Academic journal article African Studies Review

African Marriage Regulation and the Remaking of Gendered Authority in Colonial Natal, 1843-1875

Academic journal article African Studies Review

African Marriage Regulation and the Remaking of Gendered Authority in Colonial Natal, 1843-1875

Article excerpt

Abstract: This article examines the gendered relationships of authority that are at the heart of the processes of customary marriage in South Africa, as well as the ways in which colonial political intervention worked to effect social change in nineteenth-century colonial Natal. This analysis reinforces the established historiographical understanding that instigating generational shifts in authority was important to Natal Native Policy, unlike customary regulation elsewhere in colonial Africa in which colonial law worked to shore up the authority of senior men. However, it seeks to underline that while negotiations of colonial power began to shift authority from older to younger men by manipulating Native marriage, and in particular the practice of lobola, the effects of such policies produced profound shifts in the experience and articulation of gendered relationships of marriage and colonial authority. The imbrication of changes in gender and generational norms ultimately reveals the contradictions in both colonial claims of liberal gender reform and African claims that colonial policy provoked the usurpation of male traditional authority.

Résumé: Cet article examine les relations d'autorité entre les hommes et les femmes qui sont au coeur des processus du mariage coutumier en Afrique du Sud, ainsi que la façon dont l'intervention politique coloniale a travaillé pour le changement social dans le Natal colonial du XIXe siècle. Cette analyse renforce la compréhension historiographique établie que l'incitation au changement générationnel de la prise d'autorité a été importante pour la politique indigène du Natal, contrairement à la réglementation d'usage ailleurs en Afrique coloniale, où le droit colonial consolidait l'autorité des hommes âgés. Cependant, nous voulons souligner que, bien que les négociations du pouvoir colonial ont commencé à donner plus d'autorité aux hommes jeunes en manipulant le mariage indigène, et en particulier la pratique de la lobola, les effets de ces politiques ont produit de profonds changements dans l'expérience et l'articulation des relations entre les sexes au sein du mariage et de l'autorité coloniale. L'imbrication des changements dans les normes sur les relations entre les sexes et les générations révèle en fin de compte les contradictions à la fois dans les revendications coloniales de la réforme libérale sur l'égalité des sexes, et dans les revendications africaines indiquant que la politique coloniale aurait provoqué l'usurpation de l'autorité traditionnelle des hommes.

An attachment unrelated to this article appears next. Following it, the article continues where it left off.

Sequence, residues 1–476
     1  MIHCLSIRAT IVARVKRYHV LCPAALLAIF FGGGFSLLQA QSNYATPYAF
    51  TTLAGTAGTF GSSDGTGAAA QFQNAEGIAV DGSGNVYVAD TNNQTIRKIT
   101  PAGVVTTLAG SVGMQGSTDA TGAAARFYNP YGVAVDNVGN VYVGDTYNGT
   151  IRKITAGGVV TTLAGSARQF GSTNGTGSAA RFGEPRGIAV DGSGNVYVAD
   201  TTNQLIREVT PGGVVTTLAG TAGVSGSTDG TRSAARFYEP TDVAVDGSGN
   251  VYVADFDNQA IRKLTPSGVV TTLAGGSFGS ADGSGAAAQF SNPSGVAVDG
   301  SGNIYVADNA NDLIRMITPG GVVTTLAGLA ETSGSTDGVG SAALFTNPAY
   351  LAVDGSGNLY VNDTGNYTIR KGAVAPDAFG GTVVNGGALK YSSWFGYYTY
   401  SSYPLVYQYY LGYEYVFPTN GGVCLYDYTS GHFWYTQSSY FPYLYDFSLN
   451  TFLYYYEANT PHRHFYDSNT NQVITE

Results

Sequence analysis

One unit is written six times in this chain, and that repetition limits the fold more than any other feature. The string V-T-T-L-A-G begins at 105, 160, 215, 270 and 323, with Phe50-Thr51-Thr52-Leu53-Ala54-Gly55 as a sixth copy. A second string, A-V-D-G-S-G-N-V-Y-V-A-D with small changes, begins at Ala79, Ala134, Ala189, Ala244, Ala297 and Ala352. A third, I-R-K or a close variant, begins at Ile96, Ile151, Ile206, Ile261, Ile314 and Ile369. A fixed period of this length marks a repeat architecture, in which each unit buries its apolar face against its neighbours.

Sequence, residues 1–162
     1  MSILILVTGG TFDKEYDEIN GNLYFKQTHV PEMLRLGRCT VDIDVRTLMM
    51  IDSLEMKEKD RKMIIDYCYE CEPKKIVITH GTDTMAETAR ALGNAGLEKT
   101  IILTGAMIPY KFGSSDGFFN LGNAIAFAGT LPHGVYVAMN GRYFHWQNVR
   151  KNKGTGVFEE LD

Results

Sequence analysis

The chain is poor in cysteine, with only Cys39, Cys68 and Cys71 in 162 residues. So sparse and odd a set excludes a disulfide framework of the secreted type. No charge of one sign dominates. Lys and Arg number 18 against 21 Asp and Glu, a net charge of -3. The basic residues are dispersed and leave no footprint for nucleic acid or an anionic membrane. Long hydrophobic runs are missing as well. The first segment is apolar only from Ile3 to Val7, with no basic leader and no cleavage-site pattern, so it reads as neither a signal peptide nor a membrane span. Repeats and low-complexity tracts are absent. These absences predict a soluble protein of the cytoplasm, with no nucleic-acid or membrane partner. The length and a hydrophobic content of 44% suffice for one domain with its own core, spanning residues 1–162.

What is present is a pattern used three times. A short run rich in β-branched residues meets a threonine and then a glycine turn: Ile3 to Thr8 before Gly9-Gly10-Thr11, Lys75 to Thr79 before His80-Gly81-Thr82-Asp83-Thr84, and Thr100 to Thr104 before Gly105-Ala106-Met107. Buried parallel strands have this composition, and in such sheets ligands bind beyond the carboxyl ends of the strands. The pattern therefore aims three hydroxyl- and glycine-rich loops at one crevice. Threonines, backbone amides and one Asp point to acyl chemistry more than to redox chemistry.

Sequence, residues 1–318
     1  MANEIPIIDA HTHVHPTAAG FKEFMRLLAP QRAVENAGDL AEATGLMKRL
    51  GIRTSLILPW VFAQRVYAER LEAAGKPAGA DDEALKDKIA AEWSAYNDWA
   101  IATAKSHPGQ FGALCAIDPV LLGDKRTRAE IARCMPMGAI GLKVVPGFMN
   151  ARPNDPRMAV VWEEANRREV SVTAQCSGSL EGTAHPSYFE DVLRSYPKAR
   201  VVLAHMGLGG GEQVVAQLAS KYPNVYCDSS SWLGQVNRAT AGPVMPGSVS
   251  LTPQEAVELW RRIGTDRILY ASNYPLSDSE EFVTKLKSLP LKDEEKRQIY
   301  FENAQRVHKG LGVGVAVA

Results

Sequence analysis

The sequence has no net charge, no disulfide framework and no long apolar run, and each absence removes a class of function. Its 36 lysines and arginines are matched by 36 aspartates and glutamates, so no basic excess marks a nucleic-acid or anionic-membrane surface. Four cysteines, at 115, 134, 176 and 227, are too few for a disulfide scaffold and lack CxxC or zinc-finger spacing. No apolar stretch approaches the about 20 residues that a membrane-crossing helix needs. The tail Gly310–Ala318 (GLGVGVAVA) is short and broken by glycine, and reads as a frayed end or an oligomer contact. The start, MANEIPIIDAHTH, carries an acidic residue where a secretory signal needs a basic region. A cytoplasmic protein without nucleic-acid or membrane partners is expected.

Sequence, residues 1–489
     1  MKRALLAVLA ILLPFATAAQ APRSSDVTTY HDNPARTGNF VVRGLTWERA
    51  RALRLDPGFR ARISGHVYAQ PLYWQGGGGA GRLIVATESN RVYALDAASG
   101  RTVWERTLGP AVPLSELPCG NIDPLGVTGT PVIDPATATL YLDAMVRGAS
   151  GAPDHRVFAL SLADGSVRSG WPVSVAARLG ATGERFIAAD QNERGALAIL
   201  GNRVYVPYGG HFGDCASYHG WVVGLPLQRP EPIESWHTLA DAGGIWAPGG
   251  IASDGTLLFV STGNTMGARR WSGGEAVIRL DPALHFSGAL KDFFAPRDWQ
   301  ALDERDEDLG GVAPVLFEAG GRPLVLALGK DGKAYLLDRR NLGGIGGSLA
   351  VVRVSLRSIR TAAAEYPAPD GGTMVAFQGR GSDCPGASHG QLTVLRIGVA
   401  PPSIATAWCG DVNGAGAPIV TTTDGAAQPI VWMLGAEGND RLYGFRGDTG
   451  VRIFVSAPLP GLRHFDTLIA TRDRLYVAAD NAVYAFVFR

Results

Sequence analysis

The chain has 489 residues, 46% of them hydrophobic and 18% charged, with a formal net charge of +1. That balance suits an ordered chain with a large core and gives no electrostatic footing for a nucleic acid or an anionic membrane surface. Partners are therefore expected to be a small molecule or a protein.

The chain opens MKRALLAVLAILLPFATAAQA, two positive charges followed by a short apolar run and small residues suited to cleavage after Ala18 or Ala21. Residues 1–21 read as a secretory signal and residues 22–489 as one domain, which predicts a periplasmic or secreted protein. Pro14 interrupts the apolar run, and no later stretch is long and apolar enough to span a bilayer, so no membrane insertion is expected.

Key Words: Marriage; lobola, native policy; Shepstone; Zulu; Indirect Rule; colonial Natal

In a notorious case in 1863, a young Zulu woman named Nomasondo was tortured for running away from her husband, an older man by the name of Nhlabathi, to her unnamed lover. The incident was reported extensively in the colonial press, alongside the kinds of trenchant criticism of the policies of the colony's Native administration that had become commonplace by the 1860s. Nhlabathi was charged with rape, and John Bird, the magistrate who adjudicated the case, convicted the defendants on basis of the girl's evidence and imposed a heavy fine upon Nhlabathi and his co-accused. The penalties imposed were so severe that they required the procedural intervention of the lieutenant-governor, who referred the case to Theophilus Shepstone, the Diplomatic Agent to the Native Tribes of South Africa and the colony's first Secretary for Native Affairs. Nomasondo had been the sole witness in the case, and Shepstone found reason to doubt her evidence. The fact that she had a lover whom she subsequently married after the annulment of her marriage to Nhlabathi convinced him to overturn the magistrate's sentence (NAB SNA 1/3/13, 1863).

This case has appeared repeatedly in the historiography of colonial Native administration in this region over the past decades (see Welsh 1971; Guy 2013). Invariably, incidents such as this one, which highlight struggles in intimate relationships and the manner in which households came to be established and extended in African society, have served primarily to demonstrate the nature of bitter disputes between colonial elites of different political persuasions. …

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